Story by Bianca Zanotti and Jessica Canjemanaden

The 43rd Toronto International Film Festival (TIFF) is well underway and these are films we might just line up three hours at the box office to see:

Mid 90s Jonah Hill gets behind the camera for his directorial debut in a coming of age film set in Los Angeles and follows 13-year-old Stevie. Mid 90s is the latest offering from the hot new production company on the block, A24, which put out summer favourites like Hereditary and Eighth Grade. The film stars Sunny Suljic, Lucas Hedges and Katherine Waterston. Sounds like a KIDS by Larry Clark reboot, but we’re here for it.

If Beale Street Could Talk After winning Best Picture at the 2017 Oscars for Moonlight, Barry Jenkins returns with an adaptation of James Baldwin’s poetic novel about a pregnant woman’s fight to free her falsely accused husband from prison before her child is born. Consider this a poem on a screen, with lyricism, love and lingering shots of 1970s New York that are certain to soothe souls.

Beautiful Boy — Any Call Me By Your Name fans out there? Timothée Chalamet is back on the screen in Beautiful Boy, a film that follows Nic’s (Chalamet) addiction to methamphetamine and the journey his family is forced to go through as a result. The film is based off the bestselling books by father-son duo David and Nic Sheff, and is director Felix van Groeningen’s first English-language film. Beautiful, indeed.

Timothée Chalamet speaks to reporters at the screening of “Beautiful Boy” at the Toronto International Film Festival on Sept. 7, 2018. (Alexia Del Priore)

Halloween With October around the corner, David Gordon Green’s sequel to John Carpenter’s 1978 original Halloween comes at a perfect time. The screening is a one-night-only event at TIFF, sparking intense buzz. It sold out in seconds, but that’s not surprising. Influential horror producer Jason Blum of Blumhouse Productions personally called up the director of Pineapple Express to create this new take on a classic. Get ready to be spooked.

Clara Ryerson graduate Akash Sherman’s latest feature delves into the relationship between an obsessive astronomer and his free-spirited and open-minded research partner. The pair, played by real-life couple Patrick J. Adams and Troian Bellisario, connects while searching for proof of life on other planets. Sherman’s film subtly tackles humankind’s curiosity with things outside our world, and emotions deep within our souls.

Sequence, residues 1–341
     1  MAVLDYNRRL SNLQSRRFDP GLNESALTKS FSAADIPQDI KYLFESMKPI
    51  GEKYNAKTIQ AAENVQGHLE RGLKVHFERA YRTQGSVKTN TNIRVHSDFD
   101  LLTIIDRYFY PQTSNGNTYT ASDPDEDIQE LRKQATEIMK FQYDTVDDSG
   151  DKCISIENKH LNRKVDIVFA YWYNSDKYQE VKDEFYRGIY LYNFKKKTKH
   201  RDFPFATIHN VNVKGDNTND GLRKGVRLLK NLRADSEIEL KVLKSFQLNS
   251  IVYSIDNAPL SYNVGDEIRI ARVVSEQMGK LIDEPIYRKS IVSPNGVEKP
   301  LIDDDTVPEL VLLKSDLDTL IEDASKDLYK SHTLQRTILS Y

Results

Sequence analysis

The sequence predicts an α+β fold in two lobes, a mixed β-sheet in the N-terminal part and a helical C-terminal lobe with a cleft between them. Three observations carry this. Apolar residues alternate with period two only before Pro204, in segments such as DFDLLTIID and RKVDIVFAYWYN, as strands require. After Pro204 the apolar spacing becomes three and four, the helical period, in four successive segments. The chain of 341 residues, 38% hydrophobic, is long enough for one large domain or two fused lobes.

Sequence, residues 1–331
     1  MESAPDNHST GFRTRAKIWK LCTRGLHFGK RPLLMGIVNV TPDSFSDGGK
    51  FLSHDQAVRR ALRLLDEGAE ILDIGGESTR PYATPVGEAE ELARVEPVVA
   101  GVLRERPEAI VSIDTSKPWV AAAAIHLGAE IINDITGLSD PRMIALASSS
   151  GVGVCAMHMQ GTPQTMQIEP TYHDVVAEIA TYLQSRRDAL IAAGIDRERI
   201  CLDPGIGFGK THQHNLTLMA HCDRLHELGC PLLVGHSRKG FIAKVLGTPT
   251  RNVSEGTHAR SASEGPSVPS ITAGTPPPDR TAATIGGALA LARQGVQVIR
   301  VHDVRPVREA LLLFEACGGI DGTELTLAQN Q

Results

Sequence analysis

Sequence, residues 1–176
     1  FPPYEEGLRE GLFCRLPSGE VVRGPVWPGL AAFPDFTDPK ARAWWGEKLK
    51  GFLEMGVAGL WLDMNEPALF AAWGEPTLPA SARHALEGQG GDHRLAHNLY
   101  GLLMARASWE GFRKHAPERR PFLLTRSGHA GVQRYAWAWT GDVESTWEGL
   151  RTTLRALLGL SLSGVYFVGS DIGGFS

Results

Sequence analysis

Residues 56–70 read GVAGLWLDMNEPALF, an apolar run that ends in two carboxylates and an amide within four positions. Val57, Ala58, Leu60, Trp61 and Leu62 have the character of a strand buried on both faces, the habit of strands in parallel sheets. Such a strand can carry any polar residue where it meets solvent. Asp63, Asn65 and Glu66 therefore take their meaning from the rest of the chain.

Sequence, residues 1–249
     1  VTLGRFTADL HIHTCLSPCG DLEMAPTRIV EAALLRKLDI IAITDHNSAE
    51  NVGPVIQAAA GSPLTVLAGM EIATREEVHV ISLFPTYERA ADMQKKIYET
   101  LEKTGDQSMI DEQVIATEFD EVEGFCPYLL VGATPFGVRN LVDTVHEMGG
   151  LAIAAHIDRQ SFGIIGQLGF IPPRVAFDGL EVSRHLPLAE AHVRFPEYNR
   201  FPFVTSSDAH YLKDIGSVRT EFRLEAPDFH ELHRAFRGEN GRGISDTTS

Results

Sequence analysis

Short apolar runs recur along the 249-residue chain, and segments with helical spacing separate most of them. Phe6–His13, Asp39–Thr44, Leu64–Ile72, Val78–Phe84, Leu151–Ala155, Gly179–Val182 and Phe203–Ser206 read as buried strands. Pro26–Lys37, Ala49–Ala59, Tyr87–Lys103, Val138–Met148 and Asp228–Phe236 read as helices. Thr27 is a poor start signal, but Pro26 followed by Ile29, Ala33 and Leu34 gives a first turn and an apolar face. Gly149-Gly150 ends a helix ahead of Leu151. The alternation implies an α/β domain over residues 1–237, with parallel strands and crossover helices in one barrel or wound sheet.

Firecrackers Another Ram worth waiting in TIFF lines for. Ryerson alumna Jasmin Mozaffari brings a tale of friendship and freedom to TIFF’s screens this festival season with her feature debut Firecrackers. The film, led by an almost all-female key crew, tells the story of Lou and Chantal, two best friends who dream of leaving their patriarchal suburban town for New York. The film challenges the stereotype of delicate young girls by casting strong female characters.

Widows Four female leads? We’re definitely into it. And four women who take fate into their own hands after their husbands all criminally connected are killed?  That’s worth lining up for in some Toronto rain. Steve McQueen, director of Academy Award-winning 12 Years a Slave, co-writes this thriller with Gone Girl’s Gillian Flynn. A star-studded cast including Viola Davis, Daniel Kaluuya, Liam Neeson and Colin Farrell fills the screen and brings this gem to life.  

Giant Little Ones Teenage Franky (Josh Wiggins) is trying to come to grips with the fact that his father left his mom for a man when he has an unexpected sexual encounter with his best friend. Timely, troubling and, in the end triumphant, Giant Little Ones is director Keith Behrman’s second feature film. Critics are suggesting this may be a TIFF fan fave.

The Hate U Give Based on Angie Thomas’s bestselling book, The Hate U Give (George Tillman, Jr.) is a timely film about race and police brutality in the United States. Starr Carter (Amandla Stenberg) lives two different lives — her life in Garden Heights, filled with crime and gangs, and her life at school, a mainly-white private school.  Everything collides when Starr witnesses her best friend Khalil get shot by police at a car stop and then becomes a community activist trying to get justice.

A Star is Born Little Monsters rejoice. Lady Gaga rocks TIFF screens with A Star is Born, directed by actor Bradley Cooper. Fame-weary Jackson Maine (Cooper), a rock artist who isolated himself after years in the spotlight, walks into a bar and hears the striking voice of Ally (Gaga). The two connect instantly, Maine introduces Ally to the world of fame and … a star is born.